Brasel v. Colvin
ORDER AFFIRMING the Commissioner's decision denying benefits. Signed on 9/19/16 by District Judge M. Douglas Harpool. (View, Pat)
IN THE UNITED STATES DISTRICT COURT FOR THE
WESTERN DISTRICT OF MISSOURI
CAROLYN W. COLVIN,
Acting Commissioner of Social Security,
Case No. 15-cv-00628-MDH
Before the Court is Plaintiff’s appeal of the Commissioner’s denial of her application for
disability benefits under Title II of the Social Security Act (“Act”), 42 U.S.C. §§ 401 et seq.
Plaintiff has exhausted her administrative remedies and the matter is now ripe for judicial
The Court reviews the Commissioner’s final decision pursuant to 42 U.S.C. §§
1383(c)(3) and 405(g).
The procedural history, facts, and issues of this case are contained in the record and the
parties’ briefs, so they are not repeated here. The ALJ found Plaintiff suffered from severe
impairments of disorder of degenerative disc disease of the lumbar spine, chronic diarrhea,
depression, and anxiety. After finding Plaintiff’s impairments did not meet or equal a listed
impairment, the ALJ determined that Plaintiff retained the following residual functional capacity
to perform sedentary work as defined in 20 CFR 404.1567(a) except she should
only occasionally stoop, kneel, crouch, crawl, balance, bend, and climb ramps or
stairs; she should never climb ladders, ropes, or scaffolds; she should avoid all
exposure to excessive vibration, unprotected heights, and hazardous machinery;
she should be limited to unskilled work in a low stress job with only occasional
decision making required, only occasional changes in the work setting, and only
occasional judgments required on the job; she should have only occasional
interaction with the public, coworkers, and supervisors; and she should have close
access to a restroom.
Plaintiff argues on appeal that the ALJ erred in assessing Plaintiff’s RFC, including his
interpretation of the medical evidence, the applicable laws and Plaintiff’s credibility
Judicial review of the Commissioner’s decision is a limited inquiry into whether
substantial evidence supports the findings of the Commissioner and whether the correct legal
standards were applied. See 42 U.S.C. §§ 405(g), 1383(c)(1)(B)(ii)(3). Substantial evidence is
less than a preponderance of the evidence and requires enough evidence to allow a reasonable
person to find adequate support for the Commissioner’s conclusion. Richardson v. Perales, 402
U.S. 389, 401 (1971); Freeman v. Apfel, 208 F.3d 687, 690 (8th Cir. 2000). This standard
requires a court to consider both the evidence that supports the Commissioner’s decision and the
evidence that detracts from it. Finch v. Astrue, 547 F.3d 933, 935 (8th Cir. 2008). That the
reviewing court would come to a different conclusion is not a sufficient basis for reversal. Wiese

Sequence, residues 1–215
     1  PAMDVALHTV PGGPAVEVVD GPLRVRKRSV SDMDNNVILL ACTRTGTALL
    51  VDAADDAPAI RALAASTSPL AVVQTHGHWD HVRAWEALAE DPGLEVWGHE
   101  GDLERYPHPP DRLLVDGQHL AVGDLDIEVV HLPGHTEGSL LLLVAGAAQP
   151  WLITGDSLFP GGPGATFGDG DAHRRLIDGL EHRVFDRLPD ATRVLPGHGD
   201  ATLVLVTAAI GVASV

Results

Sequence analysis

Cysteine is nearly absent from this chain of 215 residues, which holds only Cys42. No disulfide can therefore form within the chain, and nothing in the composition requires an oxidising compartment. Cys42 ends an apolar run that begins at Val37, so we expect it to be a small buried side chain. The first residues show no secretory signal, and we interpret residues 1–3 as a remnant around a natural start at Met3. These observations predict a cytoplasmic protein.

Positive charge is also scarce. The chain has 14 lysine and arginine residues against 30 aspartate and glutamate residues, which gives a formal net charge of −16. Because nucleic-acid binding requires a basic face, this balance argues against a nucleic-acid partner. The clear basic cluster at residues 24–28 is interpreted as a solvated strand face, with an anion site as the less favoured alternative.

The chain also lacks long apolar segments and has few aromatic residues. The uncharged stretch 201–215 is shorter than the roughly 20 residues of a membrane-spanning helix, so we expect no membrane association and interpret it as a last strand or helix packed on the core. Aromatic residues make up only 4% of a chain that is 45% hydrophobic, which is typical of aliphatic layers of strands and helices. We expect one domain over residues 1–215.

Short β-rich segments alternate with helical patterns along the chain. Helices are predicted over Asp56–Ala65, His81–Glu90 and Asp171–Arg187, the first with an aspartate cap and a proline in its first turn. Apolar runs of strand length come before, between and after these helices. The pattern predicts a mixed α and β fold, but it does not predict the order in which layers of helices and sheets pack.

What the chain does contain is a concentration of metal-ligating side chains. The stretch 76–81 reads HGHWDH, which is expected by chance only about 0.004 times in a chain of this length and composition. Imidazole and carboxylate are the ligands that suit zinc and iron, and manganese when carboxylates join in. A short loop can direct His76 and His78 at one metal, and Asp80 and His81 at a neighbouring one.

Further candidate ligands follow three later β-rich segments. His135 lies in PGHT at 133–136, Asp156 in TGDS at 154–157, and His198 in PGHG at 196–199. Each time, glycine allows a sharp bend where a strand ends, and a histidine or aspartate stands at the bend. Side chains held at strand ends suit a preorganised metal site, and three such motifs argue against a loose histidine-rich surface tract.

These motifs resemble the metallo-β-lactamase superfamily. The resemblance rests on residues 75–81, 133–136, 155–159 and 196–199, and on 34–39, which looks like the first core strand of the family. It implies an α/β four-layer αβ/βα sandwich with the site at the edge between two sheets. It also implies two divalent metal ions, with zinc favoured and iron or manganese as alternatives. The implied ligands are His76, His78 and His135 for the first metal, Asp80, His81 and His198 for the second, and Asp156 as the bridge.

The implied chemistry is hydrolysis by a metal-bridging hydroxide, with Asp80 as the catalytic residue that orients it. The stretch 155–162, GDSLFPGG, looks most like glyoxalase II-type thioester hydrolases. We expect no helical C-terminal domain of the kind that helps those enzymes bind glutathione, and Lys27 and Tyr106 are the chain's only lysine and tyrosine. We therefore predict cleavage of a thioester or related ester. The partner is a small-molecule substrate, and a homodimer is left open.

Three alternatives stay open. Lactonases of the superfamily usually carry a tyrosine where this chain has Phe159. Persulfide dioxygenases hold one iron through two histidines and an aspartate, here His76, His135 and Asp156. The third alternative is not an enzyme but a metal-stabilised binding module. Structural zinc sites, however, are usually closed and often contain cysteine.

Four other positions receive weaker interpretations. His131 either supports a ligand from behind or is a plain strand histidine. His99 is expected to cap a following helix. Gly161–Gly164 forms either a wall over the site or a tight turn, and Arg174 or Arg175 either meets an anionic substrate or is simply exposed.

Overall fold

v. Astrue, 552 F.3d 728, 730 (8th Cir. 2009). Rather, “[i]f, after review, we find it possible to
draw two inconsistent positions from the evidence and one of those positions represents the
Commissioner’s findings, we must affirm the denial of benefits.” Id. (quoting Mapes v. Chater,
82 F.3d 259, 262 (8th Cir. 1996)). Courts “defer heavily to the findings and conclusions of the
Social Security Administration” and will disturb the Commissioner’s decision only if it falls
outside the “zone of choice.” Hurd v. Astrue, 621 F.3d 734, 738 (8th Cir. 2010); Casey v.
Astrue, 503 F.3d 687, 691 (8th Cir. 2007). Further, the Court defers to the ALJ’s determinations
of the credibility of witness testimony, as long as the ALJ’s determinations are supported by
good reasons and substantial evidence. Pelkey v. Barnhart, 433 F.3d 575, 578 (8th Cir. 2006).
After full and careful review of the record and briefs, the Court finds the ALJ’s findings
are supported by substantial evidence in the record as a whole.
First, the Court has thoroughly reviewed the administrative record before the Court,
including the medical records, hearing testimony, and the ALJ’s opinion. The Court finds that
the ALJ’s determination is supported by substantial evidence in the record as a whole and was
within the available “zone of choice.” The ALJ provided a lengthy analysis of the medical
opinion evidence and properly addressed Plaintiff’s physical and mental limitations, in light of
the medical records, work history and hearing testimony. The Court gives great deference to the
ALJ’s determination as it falls within an acceptable “zone of choice” of the finder of fact.
Further, the Court finds the ALJ applied the appropriate legal framework in analyzing the record
and evidence before him.
Second, the Court will not disturb the ALJ’s credibility determination.
Plaintiff’s allegations not completely credible, the ALJ considered such things as Plaintiff’s
reported limitations, the objective medical evidence and medical opinions, Plaintiff’s daily
activities, and Plaintiff’s work history. The Court finds the ALJ recognized the appropriate
analytic framework, considered the appropriate factors, and gave good reasons for discrediting
the claimant’s testimony. See generally Tucker v. Barnhart, 363 F.3d 781, 783 (8th Cir. 2004)
(“The ALJ is not required to discuss each Polaski factor as long as the analytical framework is
recognized and considered.”). Accordingly, the Court will defer to the ALJ’s judgment. See
Whitman v. Colvin, 762 F.3d 701, 707 (8th Cir. 2014) (“Questions of credibility are for the ALJ
in the first instance” and “[i]f an ALJ explicitly discredits a claimant’s testimony and gives a
good reason for doing so, we will normally defer to that judgment.”).
For the reasons set forth herein, the Court finds there is substantial evidence on the record
as a whole to support the ALJ’s determination. Accordingly, the Commissioner’s decision
denying benefits is AFFIRMED.
IT IS SO ORDERED.
Dated: September 19, 2016
/s/ Douglas Harpool
UNITED STATES DISTRICT JUDGE
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